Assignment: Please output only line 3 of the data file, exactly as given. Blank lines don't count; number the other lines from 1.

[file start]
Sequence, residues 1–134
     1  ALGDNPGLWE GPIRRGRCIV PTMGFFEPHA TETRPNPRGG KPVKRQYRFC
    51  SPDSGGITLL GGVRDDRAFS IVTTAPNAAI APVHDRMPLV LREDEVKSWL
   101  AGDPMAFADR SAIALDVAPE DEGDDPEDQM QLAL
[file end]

    51  SPDSGGITLL GGVRDDRAFS IVTTAPNAAI APVHDRMPLV LREDEVKSWL